- The Washington Times - Tuesday, May 6, 2014

Although he’s shunned by some fellow Democrats on the campaign trail, President Obama will work to fill their coffers when he embarks Wednesday on a three-day fundraising trip to the West Coast.

Mr. Obama will appear at five fundraisers in California to raise millions for Democratic congressional candidates, at parties hosted by the executives of Disney studios, Yahoo and the former chairman of Qualcomm. The events are among more than 20 fundraisers that the president has committed to attend this year as Democrats try against the odds to keep control of the Senate and pick up seats in the House.

With his job-approval ratings near the lowest point of his presidency, Mr. Obama managed to joke at the annual White House Correspondents’ Dinner Saturday about Democrats avoiding him.

“Folks are saying that with my sagging poll numbers, my fellow Democrats don’t really want me campaigning with them,” Mr. Obama said. “And I don’t think that’s true — although I did notice the other day that [daughter] Sasha needed a speaker at career day, and she invited Bill Clinton. I was a little hurt by that.”

Mr. Obama’s first stop on the trip will involve one of those red-state Democrats who’s kept his distance from the president, Sen. Mark Pryor of Arkansas. Running for a third term in a close race against Republican Rep. Tom Cotton, Mr. Pryor is telling voters that he’s “the most independent senator in Washington.”

His appearance with Mr. Obama is not a campaign event; Mr. Pryor will accompany the president to tour tornado damage and meet with the families of victims. Arkansas Gov. Mike Beebe, a Democrat, and Rep. Tim Griffin, a Republican, also will be part of Mr. Obama’s tour.

From Arkansas, Mr. Obama will fly later Wednesday to Los Angeles to participate in a joint fundraiser to benefit House and Senate Democratic candidates. He will also receive an “Ambassador for Humanity” award from Steven Spielberg at a Holocaust memorial event sponsored by the University of Southern California’s Shoah Foundation, which was founded by the director.

When Mr. Spielberg announced the award, he cited Mr. Obama’s “commitment to democracy and human rights.” He also said Mr. Obama’s appointment of the nation’s first special envoy for Holocaust Survivor Services “demonstrates his staunch commitment to honoring the past while building a better future.”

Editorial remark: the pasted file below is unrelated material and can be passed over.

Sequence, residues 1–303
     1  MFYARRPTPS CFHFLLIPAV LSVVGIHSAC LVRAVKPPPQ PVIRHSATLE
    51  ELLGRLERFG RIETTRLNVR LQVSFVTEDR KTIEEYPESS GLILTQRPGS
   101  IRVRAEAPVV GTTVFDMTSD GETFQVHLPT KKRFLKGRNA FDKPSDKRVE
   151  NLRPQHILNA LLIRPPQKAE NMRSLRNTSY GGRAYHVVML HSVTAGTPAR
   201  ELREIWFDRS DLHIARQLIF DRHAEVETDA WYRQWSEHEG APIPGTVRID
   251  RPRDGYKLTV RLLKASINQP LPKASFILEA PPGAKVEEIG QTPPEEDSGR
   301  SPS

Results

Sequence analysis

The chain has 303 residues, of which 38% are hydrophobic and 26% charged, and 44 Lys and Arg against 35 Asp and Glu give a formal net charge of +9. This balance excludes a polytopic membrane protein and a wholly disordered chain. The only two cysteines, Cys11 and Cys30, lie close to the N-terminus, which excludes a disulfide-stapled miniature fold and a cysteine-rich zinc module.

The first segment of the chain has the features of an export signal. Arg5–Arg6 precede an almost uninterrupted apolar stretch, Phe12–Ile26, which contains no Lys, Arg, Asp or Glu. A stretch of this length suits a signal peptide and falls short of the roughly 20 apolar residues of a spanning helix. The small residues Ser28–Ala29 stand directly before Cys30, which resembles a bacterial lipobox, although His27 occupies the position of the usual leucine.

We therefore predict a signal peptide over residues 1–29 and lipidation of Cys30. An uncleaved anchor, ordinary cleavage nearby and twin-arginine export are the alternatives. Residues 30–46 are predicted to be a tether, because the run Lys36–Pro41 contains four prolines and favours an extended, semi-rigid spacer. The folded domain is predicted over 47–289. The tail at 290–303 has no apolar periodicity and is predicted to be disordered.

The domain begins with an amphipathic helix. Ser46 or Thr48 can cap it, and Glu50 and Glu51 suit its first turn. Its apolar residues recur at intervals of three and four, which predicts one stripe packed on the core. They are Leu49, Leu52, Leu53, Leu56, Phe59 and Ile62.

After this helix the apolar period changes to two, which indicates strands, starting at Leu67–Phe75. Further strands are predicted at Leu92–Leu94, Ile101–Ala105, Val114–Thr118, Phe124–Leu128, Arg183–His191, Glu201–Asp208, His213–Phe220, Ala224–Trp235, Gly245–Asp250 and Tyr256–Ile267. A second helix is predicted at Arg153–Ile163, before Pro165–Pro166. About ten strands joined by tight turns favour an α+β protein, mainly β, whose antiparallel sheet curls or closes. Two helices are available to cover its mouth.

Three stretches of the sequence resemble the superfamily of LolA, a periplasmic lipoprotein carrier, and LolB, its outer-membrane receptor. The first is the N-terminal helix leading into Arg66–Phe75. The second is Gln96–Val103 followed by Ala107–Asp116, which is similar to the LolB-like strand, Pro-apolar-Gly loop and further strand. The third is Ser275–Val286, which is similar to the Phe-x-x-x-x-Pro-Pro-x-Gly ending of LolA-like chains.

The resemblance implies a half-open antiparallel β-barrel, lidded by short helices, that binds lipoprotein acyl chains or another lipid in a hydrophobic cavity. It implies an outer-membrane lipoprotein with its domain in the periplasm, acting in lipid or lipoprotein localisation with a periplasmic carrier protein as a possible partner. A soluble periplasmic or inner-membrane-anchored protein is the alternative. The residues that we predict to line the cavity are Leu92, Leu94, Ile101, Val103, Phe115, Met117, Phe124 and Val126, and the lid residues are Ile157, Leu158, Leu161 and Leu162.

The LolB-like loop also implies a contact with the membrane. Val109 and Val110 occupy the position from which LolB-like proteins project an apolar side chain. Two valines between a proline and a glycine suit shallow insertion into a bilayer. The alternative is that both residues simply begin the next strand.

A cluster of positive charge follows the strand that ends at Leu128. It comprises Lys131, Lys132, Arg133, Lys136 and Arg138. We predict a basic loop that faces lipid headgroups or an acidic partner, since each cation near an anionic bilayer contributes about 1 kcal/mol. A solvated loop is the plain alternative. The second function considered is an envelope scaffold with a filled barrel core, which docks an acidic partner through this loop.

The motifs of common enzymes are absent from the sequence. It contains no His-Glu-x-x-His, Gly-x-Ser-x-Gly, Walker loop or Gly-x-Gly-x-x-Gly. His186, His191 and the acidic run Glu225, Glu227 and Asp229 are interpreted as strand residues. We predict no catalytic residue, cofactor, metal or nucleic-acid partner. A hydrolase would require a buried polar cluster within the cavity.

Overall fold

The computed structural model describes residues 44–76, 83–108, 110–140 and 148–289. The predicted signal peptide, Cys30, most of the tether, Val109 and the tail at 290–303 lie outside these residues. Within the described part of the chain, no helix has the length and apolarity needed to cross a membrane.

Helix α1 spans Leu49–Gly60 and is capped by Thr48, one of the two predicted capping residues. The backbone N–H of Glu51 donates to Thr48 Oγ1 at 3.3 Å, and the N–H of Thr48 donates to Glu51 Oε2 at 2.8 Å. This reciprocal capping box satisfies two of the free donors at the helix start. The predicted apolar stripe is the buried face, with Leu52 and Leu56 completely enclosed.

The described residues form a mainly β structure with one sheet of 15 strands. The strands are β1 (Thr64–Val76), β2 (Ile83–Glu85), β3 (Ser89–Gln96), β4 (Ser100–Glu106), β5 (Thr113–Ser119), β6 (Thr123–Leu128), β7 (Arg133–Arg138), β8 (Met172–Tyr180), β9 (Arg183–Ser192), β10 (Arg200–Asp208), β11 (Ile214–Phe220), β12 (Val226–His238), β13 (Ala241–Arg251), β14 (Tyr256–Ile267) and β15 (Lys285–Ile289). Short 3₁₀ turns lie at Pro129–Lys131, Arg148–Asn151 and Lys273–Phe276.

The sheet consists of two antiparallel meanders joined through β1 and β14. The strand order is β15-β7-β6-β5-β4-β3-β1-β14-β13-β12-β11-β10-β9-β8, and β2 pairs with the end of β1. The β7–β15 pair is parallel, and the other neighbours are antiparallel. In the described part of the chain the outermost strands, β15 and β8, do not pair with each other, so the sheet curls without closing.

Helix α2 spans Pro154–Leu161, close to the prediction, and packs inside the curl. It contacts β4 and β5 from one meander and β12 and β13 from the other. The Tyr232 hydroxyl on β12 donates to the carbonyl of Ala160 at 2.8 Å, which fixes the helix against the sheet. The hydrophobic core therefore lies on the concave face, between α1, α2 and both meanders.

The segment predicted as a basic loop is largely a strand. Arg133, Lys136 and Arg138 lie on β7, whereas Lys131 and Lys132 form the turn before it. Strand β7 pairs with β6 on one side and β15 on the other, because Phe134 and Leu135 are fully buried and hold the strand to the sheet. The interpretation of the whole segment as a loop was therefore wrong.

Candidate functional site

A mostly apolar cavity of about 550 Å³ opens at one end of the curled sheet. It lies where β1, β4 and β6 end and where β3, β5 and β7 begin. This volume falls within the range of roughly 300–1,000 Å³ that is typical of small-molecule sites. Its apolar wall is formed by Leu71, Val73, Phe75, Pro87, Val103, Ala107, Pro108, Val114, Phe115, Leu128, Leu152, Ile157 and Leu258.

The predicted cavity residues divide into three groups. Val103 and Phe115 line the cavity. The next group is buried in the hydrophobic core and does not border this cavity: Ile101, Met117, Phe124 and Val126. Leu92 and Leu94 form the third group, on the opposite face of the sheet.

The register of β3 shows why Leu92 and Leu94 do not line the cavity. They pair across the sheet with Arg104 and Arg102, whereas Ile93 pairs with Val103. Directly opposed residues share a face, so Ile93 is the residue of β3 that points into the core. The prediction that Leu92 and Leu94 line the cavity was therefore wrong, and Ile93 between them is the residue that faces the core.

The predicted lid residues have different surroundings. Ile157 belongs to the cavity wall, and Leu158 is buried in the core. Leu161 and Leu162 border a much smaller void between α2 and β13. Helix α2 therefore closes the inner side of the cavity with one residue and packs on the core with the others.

The Holocaust event and another “official” energy-related event Friday in San Jose ensure that taxpayers will cover much of the cost of the president’s trip, even though it’s mostly devoted to politics.

On Thursday, the president will attend four fundraisers in Southern California. His fundraising hosts include Walt Disney Studios Chairman Alan Horn, billionaire and former Qualcomm Chairman Irwin Jacobs, and Yahoo CEO Marissa Mayer. Current Qualcomm CEO Paul Jacobs, Irwin’s son, has been active in promoting Mr. Obama’s immigration reform plan, and Ms. Mayer has lobbied the administration to allow more transparency about the information requests her company receives from the National Security Agency.

Tickets for the events range from $1,000 per person to $64,800 per couple, depending on the event and the level of access to Mr. Obama.

Irwin Jacobs was the second-biggest donor to Mr. Obama’s 2012 campaign, contributing well over $2 million to the president’s re-election effort.

Democrats hold a 55-45 majority in the Senate (53 Democrats and two independents who caucus with the party), but they are defending 21 of the 36 seats contested in November. Many political analysts believe the GOP is within reach of picking up the net six seats needed to regain control of the Senate. In the House, Democrats would need a net gain of 17 seats to take the chamber, a goal that most political strategists believe the party cannot achieve.

Democrats are leading in the 2014 money race of “hard” contributions, which are subject to federal limits. But Republicans are believed to be benefiting more from spending by outside groups that don’t need to disclose their contributions.

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